Where does 20% of the drug go?

Most common dissolution/release tolerances for tablet and capsule products as per USP are 80% of the drug dissolved/released at the suggested time. The question is where does the remaining 20% of the drug go, especially, when the product meets the requirement of Assay and CU of 100%. From a consumer/patient perspective, it is like buying a 1L milk carton, but being assured to receive only 800 mL! Please, note that in many cases, the USP tolerances can be as low as 70%.

If USP tolerances are considered correct then a user of the product is expected to receive less and/or inconsistent amount of drug. It is to be noted that all bioavailability/bioequivalence (BA/BE) studies results are reported based on 100% deliverable drug. As Assay and CU show, on average, 100% content and BA/BE assumes delivery of 100% the drug in humans, it clearly indicates that demonstration or requirement of less than 100% in vitro dissolution/release is an inaccurate tolerance (standard).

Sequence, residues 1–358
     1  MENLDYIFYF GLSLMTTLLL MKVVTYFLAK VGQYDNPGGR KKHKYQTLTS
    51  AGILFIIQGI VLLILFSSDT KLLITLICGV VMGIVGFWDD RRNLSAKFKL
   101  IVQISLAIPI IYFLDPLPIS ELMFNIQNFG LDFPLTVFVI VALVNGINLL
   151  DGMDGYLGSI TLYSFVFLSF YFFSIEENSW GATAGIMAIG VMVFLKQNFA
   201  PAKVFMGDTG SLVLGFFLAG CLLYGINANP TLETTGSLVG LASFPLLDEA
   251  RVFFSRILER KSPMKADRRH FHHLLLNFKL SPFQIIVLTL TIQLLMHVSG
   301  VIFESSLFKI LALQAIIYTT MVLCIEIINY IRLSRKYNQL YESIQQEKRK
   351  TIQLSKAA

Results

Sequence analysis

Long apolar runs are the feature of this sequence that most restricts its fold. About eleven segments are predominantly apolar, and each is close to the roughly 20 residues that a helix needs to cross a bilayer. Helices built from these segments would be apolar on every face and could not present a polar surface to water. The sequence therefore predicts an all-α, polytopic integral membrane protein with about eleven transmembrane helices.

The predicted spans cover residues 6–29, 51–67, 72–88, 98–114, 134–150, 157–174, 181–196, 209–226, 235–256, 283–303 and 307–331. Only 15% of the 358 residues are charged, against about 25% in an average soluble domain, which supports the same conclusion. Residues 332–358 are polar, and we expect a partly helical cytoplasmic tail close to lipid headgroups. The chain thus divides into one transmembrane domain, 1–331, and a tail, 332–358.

The reason for this discrepancy (observance of lower in vitro dissolution/release) is because of the poor stirring and mixing environment within the dissolution vessels using paddle and basket stirrers.  The poor stirring environment creates unstirred pockets within the vessels where the drug hides. These pockets depend on the nature of the product, in particular excipients, and can hide as much as 40% of the drug as in the case of the dissolution results of the USP Performance Verification Tablets (see Figure). If this flaw of unstirred pockets is addressed, then one can observe release/dissolution of 100% of the drug. This means that not only will dissolution results match with the Assay and CU results, but SEPARATE monitoring of Assay and CU becomes redundant. This leads to simplification, efficiency and accuracy in overall product evaluation and development (see also related links 1, 2, 3).

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